ESGN stands for Electrically Stimulated Gracilis Neosphincter. This pioneering operation involves taking one of the hamstring muscles (gracilis) from the inner thigh, with its nerve and blood supply still intact, and wrapping this muscle around the anus to create a new sphincter (neosphincter).
A stimulating electrode is then placed on the nerve to the muscle, and with the use of an insulated wire tunnelled under the skin, connects to a stimulator implanted under the skin of the abdominal wall. The stimulator has its own battery that lasts for years and through an external handheld set (much like a television remote control); the patient can turn on or off the stimulator. When turned on, the stimulator will send impulses to the electrode controlling the nerve to instruct the gracilis neosphincter to contract. This helps the patient to defer the urge to defecate until it is more convenient to visit the toilet where the stimulator can be turned off.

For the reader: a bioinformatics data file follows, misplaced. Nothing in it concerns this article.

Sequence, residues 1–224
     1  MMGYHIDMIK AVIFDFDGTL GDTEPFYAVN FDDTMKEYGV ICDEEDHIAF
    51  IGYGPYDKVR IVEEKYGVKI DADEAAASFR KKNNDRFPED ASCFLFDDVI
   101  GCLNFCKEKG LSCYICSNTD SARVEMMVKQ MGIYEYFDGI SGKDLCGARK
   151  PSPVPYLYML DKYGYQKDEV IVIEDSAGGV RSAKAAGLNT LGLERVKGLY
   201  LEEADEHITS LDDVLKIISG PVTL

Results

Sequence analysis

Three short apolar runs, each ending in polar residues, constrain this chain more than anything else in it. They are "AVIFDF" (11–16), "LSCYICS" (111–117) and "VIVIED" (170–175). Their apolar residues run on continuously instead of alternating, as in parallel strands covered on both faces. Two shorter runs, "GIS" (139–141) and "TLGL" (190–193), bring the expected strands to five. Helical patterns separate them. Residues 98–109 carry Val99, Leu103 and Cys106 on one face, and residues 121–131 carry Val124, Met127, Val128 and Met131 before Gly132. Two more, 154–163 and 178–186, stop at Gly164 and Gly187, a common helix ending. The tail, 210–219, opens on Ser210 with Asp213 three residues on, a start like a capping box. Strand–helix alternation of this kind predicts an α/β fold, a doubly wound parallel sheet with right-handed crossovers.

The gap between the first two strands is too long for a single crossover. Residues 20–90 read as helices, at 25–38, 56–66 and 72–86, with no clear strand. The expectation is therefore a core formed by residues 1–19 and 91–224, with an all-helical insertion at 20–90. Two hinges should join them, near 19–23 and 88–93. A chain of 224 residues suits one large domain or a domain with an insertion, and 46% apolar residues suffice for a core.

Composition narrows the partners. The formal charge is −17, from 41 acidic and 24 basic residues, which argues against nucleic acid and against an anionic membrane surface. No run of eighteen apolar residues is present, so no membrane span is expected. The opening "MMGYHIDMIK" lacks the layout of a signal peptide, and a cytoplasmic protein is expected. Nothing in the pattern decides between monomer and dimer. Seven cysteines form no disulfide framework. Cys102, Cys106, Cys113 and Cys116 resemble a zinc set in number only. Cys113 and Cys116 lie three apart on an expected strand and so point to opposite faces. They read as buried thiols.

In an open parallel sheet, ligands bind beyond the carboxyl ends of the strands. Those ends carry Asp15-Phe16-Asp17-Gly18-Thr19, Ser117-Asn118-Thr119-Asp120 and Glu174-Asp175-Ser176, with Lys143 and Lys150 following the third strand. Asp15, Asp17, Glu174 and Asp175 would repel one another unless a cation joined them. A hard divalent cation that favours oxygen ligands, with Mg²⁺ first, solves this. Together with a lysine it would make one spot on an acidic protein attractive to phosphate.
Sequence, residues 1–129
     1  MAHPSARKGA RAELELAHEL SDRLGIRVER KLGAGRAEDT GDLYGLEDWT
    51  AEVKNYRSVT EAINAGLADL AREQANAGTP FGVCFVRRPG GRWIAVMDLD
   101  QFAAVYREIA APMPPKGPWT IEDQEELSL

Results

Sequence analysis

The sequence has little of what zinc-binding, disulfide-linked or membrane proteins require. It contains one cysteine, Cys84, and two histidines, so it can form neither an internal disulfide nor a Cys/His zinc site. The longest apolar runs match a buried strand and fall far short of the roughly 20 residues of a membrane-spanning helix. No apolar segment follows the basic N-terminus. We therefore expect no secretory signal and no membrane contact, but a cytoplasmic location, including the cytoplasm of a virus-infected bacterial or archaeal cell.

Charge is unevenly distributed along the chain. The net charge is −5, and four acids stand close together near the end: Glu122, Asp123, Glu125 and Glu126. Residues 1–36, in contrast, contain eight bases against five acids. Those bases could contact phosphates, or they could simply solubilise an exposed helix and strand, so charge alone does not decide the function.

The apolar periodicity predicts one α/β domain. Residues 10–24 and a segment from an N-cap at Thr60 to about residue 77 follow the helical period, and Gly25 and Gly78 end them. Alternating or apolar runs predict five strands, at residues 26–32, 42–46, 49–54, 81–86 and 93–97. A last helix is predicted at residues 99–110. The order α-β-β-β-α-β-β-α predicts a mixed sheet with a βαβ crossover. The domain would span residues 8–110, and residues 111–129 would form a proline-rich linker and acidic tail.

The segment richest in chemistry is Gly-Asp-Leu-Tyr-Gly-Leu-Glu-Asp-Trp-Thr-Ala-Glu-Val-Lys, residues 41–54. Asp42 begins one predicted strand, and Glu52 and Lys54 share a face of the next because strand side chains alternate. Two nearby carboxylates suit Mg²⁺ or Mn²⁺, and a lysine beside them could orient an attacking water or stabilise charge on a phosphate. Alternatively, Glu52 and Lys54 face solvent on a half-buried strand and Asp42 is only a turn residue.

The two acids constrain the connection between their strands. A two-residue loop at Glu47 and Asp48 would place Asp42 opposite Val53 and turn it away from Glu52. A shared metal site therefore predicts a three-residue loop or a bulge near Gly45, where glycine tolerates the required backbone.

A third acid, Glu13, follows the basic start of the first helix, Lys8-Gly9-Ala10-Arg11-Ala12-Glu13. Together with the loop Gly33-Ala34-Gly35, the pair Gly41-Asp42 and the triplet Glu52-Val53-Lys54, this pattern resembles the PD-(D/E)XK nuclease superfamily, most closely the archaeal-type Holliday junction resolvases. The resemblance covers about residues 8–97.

This operation was devised and developed by Professor Norman Williams, and gained NICE approval in 2006.
Why are we doing it?
Most often the result of injuries sustained during childbirth or, like Ged, an accident which has caused trauma to the pelvic region, and sometimes as a consequence of anal surgery, patients find themselves unable to resist the urge to defecate (faecal incontinence). This is an extremely disabling condition, resulting in fear being in social situations or even venturing out of the house. The impact on people’s mental and emotional health can be devastating. For a proportion of people who have no other choice, the ESGN procedure is the only way that they will avoid life with a permanent colostomy.
Professor Williams has pioneered and refined this technique over the last 20 years, over which time he has treated some 180 patients. The ESGN procedure is now a lifeline for the proportion of patients who respond poorly to Sacral Nerve Stimulation, which has been found in recent years to help patients to regain continence. In the UK it is practiced by Mr David Bartolo in Edinburgh and Mr Graeme Duthie in Hull. Worldwide it is in use as far afield as Tokyo, Japan.